Getty Images
5 Comments

Most mock drafts have the Philadelphia 76ers taking Mikal Bridges at No. 10, keeping the Villanova star in Philly.

But what if he’s not on the board?

Marc Berman of the New York Post reports the Knicks are going to take Bridges at No. 9.

Sources have indicated Bridges still is the favorite to be the Knicks’ selection at nine Thursday — even if Michael Porter Jr. falls. The Knicks are starting to get cold feet on the uber-talented Porter after his latest mishap last week, when he incurred hip spasms before his on-again, off-again, on-again public workout in Chicago….

In the big picture, president Steve Mills and (new GM Scott) Perry need to land a central building block that will contribute next season to show Kristaps Porzingis, a restricted free agent in 2019, there’s a future, and also to entice a 2019 free agent. Point guard Kyrie Irving is squarely on the Knicks’ radar.

While Kentucky freshman forward Kevin Knox opened the Knicks’ eyes with a surprising workout and has gotten consideration late in the process, Bridges is the best bet. Perry said recently adding “a solid rotational player” at nine is as important as shooting for an All-Star.

It’s unlikely Porter is on the board at No. 9. The Cavaliers like him a lot and will take him if he falls to No. 8, the Bulls could grab his one spot earlier, and there are teams farther down the draft board looking to trade up and snag Porter.

Bridges projects to be just what Mills may want — a solid rotational player, and one who can step in soon and contribute.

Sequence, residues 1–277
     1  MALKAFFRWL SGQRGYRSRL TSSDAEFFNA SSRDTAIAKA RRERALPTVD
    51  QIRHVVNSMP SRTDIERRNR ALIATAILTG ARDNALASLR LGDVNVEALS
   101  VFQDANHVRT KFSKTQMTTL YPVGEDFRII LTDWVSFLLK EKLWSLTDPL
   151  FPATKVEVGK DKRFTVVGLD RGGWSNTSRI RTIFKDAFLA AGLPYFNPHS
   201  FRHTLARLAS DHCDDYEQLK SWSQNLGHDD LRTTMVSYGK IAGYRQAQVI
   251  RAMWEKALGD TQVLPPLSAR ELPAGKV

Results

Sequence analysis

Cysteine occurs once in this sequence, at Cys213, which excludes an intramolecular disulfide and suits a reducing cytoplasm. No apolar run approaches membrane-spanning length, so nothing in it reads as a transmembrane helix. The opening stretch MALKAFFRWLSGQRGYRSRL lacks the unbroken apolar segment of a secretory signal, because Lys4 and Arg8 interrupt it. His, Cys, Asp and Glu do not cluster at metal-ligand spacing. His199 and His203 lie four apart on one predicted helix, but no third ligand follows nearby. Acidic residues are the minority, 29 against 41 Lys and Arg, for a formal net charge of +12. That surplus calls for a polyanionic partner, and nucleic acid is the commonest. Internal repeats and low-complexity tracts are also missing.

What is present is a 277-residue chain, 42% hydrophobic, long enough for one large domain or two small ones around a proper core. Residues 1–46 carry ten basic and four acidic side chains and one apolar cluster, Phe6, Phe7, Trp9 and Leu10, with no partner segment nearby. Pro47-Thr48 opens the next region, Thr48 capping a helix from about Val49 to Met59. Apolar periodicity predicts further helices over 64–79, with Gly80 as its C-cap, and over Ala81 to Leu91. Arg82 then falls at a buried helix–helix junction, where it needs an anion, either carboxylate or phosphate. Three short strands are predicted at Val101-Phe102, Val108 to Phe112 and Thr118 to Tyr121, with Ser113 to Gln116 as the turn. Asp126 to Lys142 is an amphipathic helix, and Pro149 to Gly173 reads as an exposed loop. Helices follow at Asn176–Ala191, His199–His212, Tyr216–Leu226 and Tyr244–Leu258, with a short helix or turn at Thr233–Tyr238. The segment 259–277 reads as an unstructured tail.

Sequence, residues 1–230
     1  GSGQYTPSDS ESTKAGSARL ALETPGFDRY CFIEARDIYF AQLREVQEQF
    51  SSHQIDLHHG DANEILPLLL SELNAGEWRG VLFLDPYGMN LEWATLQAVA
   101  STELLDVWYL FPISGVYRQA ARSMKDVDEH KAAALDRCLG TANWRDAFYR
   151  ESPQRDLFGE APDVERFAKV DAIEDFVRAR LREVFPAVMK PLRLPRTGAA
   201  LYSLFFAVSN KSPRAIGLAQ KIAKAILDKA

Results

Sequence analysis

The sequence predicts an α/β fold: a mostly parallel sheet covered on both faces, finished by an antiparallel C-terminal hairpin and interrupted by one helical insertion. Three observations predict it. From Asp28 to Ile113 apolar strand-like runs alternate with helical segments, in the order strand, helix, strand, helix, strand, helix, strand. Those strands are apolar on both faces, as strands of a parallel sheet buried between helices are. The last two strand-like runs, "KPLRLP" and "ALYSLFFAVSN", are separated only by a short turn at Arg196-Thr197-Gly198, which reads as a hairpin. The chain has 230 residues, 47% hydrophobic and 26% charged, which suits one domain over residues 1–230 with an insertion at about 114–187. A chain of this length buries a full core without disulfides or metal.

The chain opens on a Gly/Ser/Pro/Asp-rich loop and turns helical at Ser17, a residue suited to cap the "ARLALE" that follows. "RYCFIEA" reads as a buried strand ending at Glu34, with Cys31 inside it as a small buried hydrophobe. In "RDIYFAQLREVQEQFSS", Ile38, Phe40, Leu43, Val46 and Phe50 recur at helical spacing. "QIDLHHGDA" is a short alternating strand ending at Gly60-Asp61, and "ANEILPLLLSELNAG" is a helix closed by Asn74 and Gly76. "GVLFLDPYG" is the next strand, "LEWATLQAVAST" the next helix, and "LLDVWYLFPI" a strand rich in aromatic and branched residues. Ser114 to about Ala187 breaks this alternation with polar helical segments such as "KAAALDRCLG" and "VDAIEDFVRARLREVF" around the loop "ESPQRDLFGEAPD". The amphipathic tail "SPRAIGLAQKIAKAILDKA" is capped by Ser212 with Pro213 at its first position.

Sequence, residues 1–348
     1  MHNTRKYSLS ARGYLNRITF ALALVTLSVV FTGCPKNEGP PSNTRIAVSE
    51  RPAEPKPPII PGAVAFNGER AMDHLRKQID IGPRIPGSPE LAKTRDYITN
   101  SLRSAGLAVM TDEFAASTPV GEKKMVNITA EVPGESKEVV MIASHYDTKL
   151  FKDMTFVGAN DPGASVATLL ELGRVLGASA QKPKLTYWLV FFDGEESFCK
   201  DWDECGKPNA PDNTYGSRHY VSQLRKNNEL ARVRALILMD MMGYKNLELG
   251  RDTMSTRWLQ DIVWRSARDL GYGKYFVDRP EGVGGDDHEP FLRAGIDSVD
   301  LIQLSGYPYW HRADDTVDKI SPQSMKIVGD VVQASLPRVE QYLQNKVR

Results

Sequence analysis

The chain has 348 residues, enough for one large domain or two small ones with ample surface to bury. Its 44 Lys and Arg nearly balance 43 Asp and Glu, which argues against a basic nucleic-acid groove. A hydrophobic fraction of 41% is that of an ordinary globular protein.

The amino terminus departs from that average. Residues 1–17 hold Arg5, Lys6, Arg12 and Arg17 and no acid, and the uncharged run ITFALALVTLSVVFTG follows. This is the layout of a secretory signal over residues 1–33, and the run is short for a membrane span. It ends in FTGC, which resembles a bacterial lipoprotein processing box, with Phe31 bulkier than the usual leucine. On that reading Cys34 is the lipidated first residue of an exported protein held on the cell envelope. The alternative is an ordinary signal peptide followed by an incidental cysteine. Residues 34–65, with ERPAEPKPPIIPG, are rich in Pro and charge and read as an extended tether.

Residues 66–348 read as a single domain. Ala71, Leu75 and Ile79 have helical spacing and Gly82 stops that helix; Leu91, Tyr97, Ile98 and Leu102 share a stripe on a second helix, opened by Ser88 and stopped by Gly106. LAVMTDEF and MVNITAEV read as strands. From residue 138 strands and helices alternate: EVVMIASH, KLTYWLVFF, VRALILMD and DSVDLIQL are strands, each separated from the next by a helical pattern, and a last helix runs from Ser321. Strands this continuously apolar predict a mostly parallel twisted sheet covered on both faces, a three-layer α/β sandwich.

But the Knicks need talent, and Knox out of Kentucky has the higher ceiling thanks to elite athleticism (he has climbed a lot of teams’ draft boards during workouts). He can play some three or be a small ball four, and if he shows consistency with his jumper, he has the athleticism to be part of a team’s core.

 

Knox may have the higher ceiling, but the Knicks need not to miss, and Bridges is that.

Ayton, Young, Porter and more: PBT’s in-depth draft prospect breakdowns

Courtesy NBC Sports Radio
Leave a comment

In the days before the draft, there’s more smoke clouding the picture around the NBA draft than there is at a Snoop Dogg concert.

What you need to cut through all that is someone who knows these players, has seen them multiple times over the years, spoken to them, knows their game.

That’s where Rob Dauster comes in. The lead writer at NBC’s CollegeBasketballTalk, he has seen these players while they were in high school, spoken to them, followed their college careers — and he broke down their games for us at NBC. It’s what you need to know about the top guys in the draft.

Check these stories out:

DEANDRE AYTON